When it comes to safety especially, some things just don't always work 100% of the time, including the measures put in place to protect you from hazards. That's where it needs to be decided whether or not it's a control that is reasonable enough to prevent injury without causing further impedance to performance. Sometimes the control heavily outweighs the performance end, and sometimes the control starts to diminish performance and quality. It's pertinent to not only have experts on the control side, but also those who perform that task on a regular basis to discuss how it might affect their ability to perform.

The advocacy side is even more difficult because now you have to convince someone that your way is better than how they've always been doing it. It's even more difficult when the cost of doing so lands on you, not the person telling you to do it this way.

Flight suit, helmet, headset, initial training costs...all stuff that you have to pay for yourself, not CAP. It starts to become "one more thing" you get stuck with.

I don't agree with ever reducing advocacy, because it comes back to bite you in a liability sense. It comes to me all the time in my job as a safety auditor. "Well, they should have known it wasn't a safe practice." "So how do you advocate not only being safe, but reporting unsafe acts by the individual that might go unnoticed." Major importance. But at the same time, when it comes to budgets, safety is often the first thing that starts to get slashed when people start feeling like it doesn't seem to apply much any more and it's becoming a waste of time and resources to impose.

Is there any data on the problems and benefits of wearing helmets in small aircraft like ours?
Seriously?!

Start by making the case that this is something even worth discussing, then we can go from there.  You'll have a difficult time convincing me and I'm guessing nearly all pilots that this is a problem in need of a solution.

That said, this is well off topic.

Kind of agreed. As a pilot, I wouldn't be wholly opposed to wearing a helmet, if supplied. But do I need one? Do I have to pay for it myself? Meh...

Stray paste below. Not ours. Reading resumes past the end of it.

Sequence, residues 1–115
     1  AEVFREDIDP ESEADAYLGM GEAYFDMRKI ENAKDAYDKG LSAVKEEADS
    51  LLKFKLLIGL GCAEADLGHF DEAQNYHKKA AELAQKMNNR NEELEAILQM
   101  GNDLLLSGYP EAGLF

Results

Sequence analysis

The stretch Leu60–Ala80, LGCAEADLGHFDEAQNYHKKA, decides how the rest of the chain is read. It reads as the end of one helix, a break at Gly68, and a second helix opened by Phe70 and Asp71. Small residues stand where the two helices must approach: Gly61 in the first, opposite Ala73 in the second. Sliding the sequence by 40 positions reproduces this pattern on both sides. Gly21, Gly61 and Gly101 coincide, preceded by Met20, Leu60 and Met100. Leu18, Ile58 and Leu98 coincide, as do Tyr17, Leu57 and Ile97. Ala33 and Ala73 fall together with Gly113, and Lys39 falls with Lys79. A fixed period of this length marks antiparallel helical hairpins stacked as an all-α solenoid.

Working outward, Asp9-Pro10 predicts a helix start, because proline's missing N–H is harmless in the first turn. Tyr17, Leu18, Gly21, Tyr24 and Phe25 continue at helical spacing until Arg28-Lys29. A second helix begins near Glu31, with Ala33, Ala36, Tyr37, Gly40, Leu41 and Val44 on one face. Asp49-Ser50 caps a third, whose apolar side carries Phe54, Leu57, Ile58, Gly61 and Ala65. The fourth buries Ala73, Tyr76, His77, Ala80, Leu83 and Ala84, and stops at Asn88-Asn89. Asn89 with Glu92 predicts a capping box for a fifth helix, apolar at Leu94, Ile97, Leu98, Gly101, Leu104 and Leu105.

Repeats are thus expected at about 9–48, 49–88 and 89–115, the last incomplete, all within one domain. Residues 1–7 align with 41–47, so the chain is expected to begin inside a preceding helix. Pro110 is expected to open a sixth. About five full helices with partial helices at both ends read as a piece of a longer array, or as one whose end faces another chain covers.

And is there any topic on here that stays on track?  :P
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Alaric
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Posts: 781

« Reply #56 on: August 13, 2015, 12:41:20 PM »

Is there any data on the problems and benefits of wearing helmets in small aircraft like ours?

There are other studies out there that the one listed below.  But this one is recent and on point.  Something to consider is the time we (search pilots and aircrew) have at our search altitude to brace for a crash if the engine hiccups or quits.  Basically, what is in front of us is what we'll hit.  In addition to SAR, we do SEL night and IMC flights, often over unlighted and inhospitable terrain.  A helmet in those circumstances will boost survival odds, perhaps by that small but critical margin.  Partial power loss is not all that uncommon in piston aircraft, nor are total engine failures.  FWIW, the NTSB lists engine issues as the second most prevalent "defining event" for GA aircraft accidents and fatalities.  While CAP might (????) be a bit better than the average for all GA, we don't have any silver bullets in our gun.  How many of us fly with our seat belts and shoulder harnesses tightened to 'crash' tensions?  Not many.  I can't reach the fuel shutoff or trim controls if my shoulder harness is really tight.  AND it's not very comfortable to be all bound up for extended periods of time. 

Do a google.com search on: 

Fatal and Serious Injury Accidents in Alaska: A Retrospective of the years 2004 through 2009 with Special Emphasis on Post Crash survival

By

Federal Aviation Administration, Aviation Safety
Alaskan Region

December 2010

That's an all-too-common issue, and it's a reasonable debate on both sides of the argument. On one end, you have the published way of what needs to be accomplished (regs), reinforcing standards (policies and procedures), and traditionally-taught way of doing things (best practices). On the other end, you get the "it doesn't work that way very well" crowd. Not every way of doing something works for everyone.

You ever go up with one instructor who says "Who taught you to do that?" You respond with "My last instructor." They say "Yeah, don't do that anymore...do it this way..." It's a cycle that repeats itself. Who's right?

When it comes to safety especially, some things just don't always work 100% of the time, including the measures put in place to protect you from hazards. That's where it needs to be decided whether or not it's a control that is reasonable enough to prevent injury without causing further impedance to performance. Sometimes the control heavily outweighs the performance end, and sometimes the control starts to diminish performance and quality. It's pertinent to not only have experts on the control side, but also those who perform that task on a regular basis to discuss how it might affect their ability to perform.